Breaking News: Plane Crash in Russia, Pro Hockey Players Dead

By on September 7, 2011

110907 russia plane hmed 7a grid 7x2 300x200 Breaking News: Plane Crash in Russia, Pro Hockey Players Dead

In the latest in a string of deadly accidents involving Soviet-designed planes, a Yak-42 plane carrying 37 passengers and 8 crew collided with a communications mast seconds after taking off from an airport near the town of Yaroslavl and then crashed to the ground in a ball of flames.

The Russian plane had been chartered by a local ice hockey team, Lokomotiv Yaroslavl, to take them to their first match of the season in neighbouring Belarus which was due to take place on Thursday. It appears that all but one of the players was killed, while the rest of the team, including several foreign players, all died.

One of the plane’s eight crew members was also reported to have survived. By coincidence, Russian President Dmitry Medvedev was due to attend a political forum in nearby Yaroslavl on Thursday so top Kremlin officials were already in the area which is around 150 miles northeast of Moscow.

Accident investigators said they were looking into all scenarios but that it was not immediately clear whether the crash was the result of pilot error or technical failure. Although Russia has used some of its windfall oil revenues to buy new Western planes in recent years, hundreds of ageing Soviet-era planes remain in service despite expert warnings that they are perilously close to the end of their recommended service life. Two accidents involving Soviet-era jets this summer that killed a total 54 people prompted Mr Medvedev to call for such planes to be taken out of service as early as next year but it is unclear whether that will in fact happen. Over the years, the Yak-42 plane involved in Wednesday’s crash has reportedly been involved in a total of nine incidents that have claimed the lives of a combined 570 people including Wednesday’s fatalities. The Yak-42 has been in service since 1980 although the plane involved in Wednesday’s crash had only been flying since 1993.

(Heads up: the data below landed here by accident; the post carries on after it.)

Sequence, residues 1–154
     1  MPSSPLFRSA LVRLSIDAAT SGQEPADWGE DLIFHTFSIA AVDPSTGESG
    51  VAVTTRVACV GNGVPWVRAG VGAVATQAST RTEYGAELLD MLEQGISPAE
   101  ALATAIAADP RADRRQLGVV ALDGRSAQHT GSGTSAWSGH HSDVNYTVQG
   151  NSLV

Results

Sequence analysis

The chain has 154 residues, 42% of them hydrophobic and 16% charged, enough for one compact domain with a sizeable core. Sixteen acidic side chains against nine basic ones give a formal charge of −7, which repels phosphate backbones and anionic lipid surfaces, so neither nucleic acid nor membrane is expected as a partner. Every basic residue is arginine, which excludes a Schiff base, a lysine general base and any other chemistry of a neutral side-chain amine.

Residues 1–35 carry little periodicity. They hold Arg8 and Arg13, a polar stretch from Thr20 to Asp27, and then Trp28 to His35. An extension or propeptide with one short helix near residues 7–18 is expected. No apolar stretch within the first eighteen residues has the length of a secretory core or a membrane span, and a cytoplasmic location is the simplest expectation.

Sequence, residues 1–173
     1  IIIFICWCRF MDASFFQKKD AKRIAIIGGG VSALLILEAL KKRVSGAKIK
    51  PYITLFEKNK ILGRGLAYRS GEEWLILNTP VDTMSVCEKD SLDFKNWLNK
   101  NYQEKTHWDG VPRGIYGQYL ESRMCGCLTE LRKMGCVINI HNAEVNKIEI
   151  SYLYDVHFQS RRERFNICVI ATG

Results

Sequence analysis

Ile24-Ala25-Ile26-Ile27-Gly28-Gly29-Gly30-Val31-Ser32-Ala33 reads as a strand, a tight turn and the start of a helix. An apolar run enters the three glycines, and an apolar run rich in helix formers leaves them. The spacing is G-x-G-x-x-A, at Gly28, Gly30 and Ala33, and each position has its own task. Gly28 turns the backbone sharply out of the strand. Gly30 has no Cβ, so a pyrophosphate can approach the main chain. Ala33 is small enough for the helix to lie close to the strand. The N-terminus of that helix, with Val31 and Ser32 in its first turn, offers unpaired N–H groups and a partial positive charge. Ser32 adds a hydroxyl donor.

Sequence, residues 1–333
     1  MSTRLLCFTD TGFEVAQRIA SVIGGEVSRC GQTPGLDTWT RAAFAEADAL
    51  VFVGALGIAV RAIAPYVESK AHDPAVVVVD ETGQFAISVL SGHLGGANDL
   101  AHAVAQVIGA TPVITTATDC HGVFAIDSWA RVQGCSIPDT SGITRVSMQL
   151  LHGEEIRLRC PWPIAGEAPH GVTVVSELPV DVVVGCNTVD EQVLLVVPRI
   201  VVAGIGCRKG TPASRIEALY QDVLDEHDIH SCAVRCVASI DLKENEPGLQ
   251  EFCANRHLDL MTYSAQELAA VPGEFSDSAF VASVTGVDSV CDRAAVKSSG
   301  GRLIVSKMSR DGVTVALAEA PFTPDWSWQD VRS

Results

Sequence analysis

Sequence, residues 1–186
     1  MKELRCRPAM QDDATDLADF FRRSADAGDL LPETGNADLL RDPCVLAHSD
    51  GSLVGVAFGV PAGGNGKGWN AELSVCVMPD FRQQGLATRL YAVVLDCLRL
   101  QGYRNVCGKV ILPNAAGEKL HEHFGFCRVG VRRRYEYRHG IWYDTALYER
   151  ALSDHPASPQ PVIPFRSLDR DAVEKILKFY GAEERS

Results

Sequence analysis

Source: Huffington